Borland C ++ MS Word Automation

Introduction

Initially, I wrote a C ++ parser that was used to analyze given MS Word documents and place them in some form of structure that was more useful for data processing. After I wrote the parser, I started working with .NET and C # to restore the parser. In the process, I also wrote my first article for Code Project, Automating MS Word using Visual Studio .NET. Several people have requested to see the C ++ version of the application, which is why I finally had time to put together something. I have written this article for the purpose of making it easier for anyone looking for quick answers. I hope people can take advantage of the information provided and help them get started faster.

background

No special background is needed. Just get some hands-on experience with C ++.

Using the code

I think the best way to present the code would be to first provide you with the critical sections that you need to get an example of MS Word, and then give you snapshots of code that performs specific functions. I think this way will help you get started developing your own programs faster.

The following block is the header portion of the CPP file.

Note: The most important include files are and. These are used for COM and OLE.

// Vahe Karamian – 04-20-2004 – For code project

// ———————————————— —————————

#include

#pragma hdrstop

// We need this for the OLE object

#include

#include

#include “Unit1.h”

#include

// ———————————————— —————————

# pragma package (smart_init)

# pragma resource “* .dfm”

TForm1 * Form1;

The following block creates the MS Word COM object. This is the object that will be used to access MS Word application features. To see what features are available, you can do within MS Word. See the first article, Automating MS Word using Visual Studio .NET.

As before, you can either create a Windows Forms application or a Command Line application, the process is the same. The code below is based on a Windows Forms program that has a button to start the process. When the user clicks on the button, the event is called Button1Click (TObject * Sending) and the code is executed.

Note: To understand the code better, ignore everything in the code except the parts that are in bold.

TForm1 * Form1;

// ———————————————— —————————

__fastcall TForm1 :: TForm1 (TComponent * owner)

: TForm (owner)

// ———————————————— —————————

void __fastcall TForm1 :: Button1Click (TObject * Sender)

{

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// used for the file name

OleVariant filename;

filename = openDialog-> filename;

Variant my_word;

Variant my_docs;

// Create word object

my_word = Variant :: CreateObject (“word.application”);

// make the word visible to make the invisible set false

my_word.OlePropertySet (“Visible”, (Variant) true);

// retrieve document object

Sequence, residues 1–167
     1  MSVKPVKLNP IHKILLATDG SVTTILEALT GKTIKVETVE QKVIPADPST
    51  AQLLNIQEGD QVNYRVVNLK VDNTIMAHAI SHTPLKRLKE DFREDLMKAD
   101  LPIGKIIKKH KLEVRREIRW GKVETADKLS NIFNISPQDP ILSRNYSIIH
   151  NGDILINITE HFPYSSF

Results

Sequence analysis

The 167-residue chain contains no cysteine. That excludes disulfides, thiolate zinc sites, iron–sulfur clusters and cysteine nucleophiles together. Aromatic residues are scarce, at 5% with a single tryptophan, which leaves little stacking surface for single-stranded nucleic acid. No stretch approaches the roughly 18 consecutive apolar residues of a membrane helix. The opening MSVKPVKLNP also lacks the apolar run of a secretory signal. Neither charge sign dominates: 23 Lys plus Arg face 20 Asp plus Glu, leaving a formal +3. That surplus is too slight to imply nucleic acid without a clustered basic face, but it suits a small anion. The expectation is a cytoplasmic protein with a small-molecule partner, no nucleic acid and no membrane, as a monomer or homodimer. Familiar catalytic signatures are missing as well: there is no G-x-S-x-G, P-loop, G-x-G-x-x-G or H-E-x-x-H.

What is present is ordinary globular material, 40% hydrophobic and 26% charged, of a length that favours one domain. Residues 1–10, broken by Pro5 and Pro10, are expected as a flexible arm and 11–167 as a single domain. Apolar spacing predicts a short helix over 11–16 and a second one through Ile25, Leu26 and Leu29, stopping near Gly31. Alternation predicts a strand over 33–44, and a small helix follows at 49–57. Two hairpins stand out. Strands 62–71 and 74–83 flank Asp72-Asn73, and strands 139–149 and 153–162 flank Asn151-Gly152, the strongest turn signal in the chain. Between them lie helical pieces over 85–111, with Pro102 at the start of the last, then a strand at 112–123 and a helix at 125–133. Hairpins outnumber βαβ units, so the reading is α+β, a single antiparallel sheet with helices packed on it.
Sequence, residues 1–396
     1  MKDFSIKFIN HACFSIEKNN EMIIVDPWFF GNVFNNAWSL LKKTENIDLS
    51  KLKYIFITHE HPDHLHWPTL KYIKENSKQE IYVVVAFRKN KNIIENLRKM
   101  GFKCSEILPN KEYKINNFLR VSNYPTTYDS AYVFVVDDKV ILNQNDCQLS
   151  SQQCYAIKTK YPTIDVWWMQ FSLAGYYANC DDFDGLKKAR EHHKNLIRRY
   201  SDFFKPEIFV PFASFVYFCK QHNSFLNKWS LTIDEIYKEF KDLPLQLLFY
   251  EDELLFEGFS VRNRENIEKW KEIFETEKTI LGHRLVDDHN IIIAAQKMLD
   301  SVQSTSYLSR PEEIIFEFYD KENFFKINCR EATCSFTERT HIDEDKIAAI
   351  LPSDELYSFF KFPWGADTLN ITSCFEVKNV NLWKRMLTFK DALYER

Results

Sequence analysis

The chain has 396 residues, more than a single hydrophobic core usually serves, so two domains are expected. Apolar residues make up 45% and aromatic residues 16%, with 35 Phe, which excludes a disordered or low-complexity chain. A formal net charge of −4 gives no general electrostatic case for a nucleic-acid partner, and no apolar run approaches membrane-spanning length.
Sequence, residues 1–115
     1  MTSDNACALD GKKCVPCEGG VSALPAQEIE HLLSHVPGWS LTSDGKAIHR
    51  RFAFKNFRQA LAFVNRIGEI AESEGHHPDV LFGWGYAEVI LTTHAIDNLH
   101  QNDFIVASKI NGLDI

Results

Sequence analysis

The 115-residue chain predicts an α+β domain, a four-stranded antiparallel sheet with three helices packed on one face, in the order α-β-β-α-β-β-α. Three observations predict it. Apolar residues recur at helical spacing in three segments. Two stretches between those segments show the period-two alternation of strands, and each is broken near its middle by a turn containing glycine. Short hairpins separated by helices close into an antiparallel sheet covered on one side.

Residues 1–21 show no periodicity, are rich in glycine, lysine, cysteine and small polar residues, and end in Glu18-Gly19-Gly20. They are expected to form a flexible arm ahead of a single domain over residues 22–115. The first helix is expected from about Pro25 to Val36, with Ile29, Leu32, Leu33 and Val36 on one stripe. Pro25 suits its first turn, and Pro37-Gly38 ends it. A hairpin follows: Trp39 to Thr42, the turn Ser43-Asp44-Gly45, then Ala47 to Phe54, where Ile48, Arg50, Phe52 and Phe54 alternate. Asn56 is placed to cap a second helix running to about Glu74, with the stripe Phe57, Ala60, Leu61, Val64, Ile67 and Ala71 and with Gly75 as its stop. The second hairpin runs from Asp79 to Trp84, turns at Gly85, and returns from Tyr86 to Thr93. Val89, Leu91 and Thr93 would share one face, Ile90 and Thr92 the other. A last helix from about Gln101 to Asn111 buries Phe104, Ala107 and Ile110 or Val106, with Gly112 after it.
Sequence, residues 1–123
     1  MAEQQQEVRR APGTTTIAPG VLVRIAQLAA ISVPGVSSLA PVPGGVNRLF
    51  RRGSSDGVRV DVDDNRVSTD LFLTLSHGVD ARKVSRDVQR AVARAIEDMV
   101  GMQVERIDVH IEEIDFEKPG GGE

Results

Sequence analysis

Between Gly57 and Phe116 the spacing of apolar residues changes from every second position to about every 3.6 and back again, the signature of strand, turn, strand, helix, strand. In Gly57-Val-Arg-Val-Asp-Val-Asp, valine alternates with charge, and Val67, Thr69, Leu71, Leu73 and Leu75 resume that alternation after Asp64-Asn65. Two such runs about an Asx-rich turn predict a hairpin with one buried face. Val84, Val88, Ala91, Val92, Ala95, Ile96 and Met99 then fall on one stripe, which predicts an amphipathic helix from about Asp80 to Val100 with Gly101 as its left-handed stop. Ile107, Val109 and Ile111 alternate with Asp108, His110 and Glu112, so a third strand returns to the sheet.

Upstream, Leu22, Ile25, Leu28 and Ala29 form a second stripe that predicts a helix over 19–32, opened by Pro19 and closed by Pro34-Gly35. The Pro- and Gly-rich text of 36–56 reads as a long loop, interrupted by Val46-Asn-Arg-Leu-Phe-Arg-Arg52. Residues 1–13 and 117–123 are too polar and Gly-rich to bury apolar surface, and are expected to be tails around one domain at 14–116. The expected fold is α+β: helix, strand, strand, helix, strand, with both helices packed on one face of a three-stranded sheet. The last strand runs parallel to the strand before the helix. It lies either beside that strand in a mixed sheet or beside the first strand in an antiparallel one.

my_docs = my_word.OlePropertyGet (“documents”);

Variant wordActiveDocument = my_docs.OleFunction (“open”, filename);

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So for a brief explanation, we define an OleVariant data type called filename, we assign a file path to our filename variable. In the code above, this is done using an OpenDialog object. Of course, you can just assign a whole path for testing if you want, ie. c: test.doc.

Next, we define two variant data types called my_word and my_docs. my_word is used to create a word.application object and my_docs will be used to create a document object.

Next, we define another variant data type called myActiveDocument. Using this referenced object, we can now do what we want! In this case, we open the given MS Word document.

Note that most of the variables are of the Variant type.

At this point, we have a Word document that we can begin to perform functions on. At first it may take a while for you to see how it works, but once you get the hang of it, anything in the MS Word domain is possible.

Let’s take a look at the following code, it’s about tables within an MS Word document.

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Variant wordTables = wordActiveDocument.OlePropertyGet (“Tables”);

long table_count = wordTables.OlePropertyGet (“count”);

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As I mentioned before, all your data types will be of Variant. So we declare a variant data type called wordTables to represent Tables object in our Document object.

Variant wordTables = wordActiveDocument.OlePropertyGet (“Tables”);

The line above returns all table objects that are within our active document object. Since tables are a property of a document object, we need to use OlePropertyGet (“tables”); to get the value.

long table_count = wordTables.OlePropertyGet (“count”);

The line above returns the number of tables in the object out of tables. This is done by calling OlePropertyGet (“count”); to give us the value.

You may be wondering where do I get this information from? The answer to this question is in the first article: Automating MS Word using Visual Studio .NET.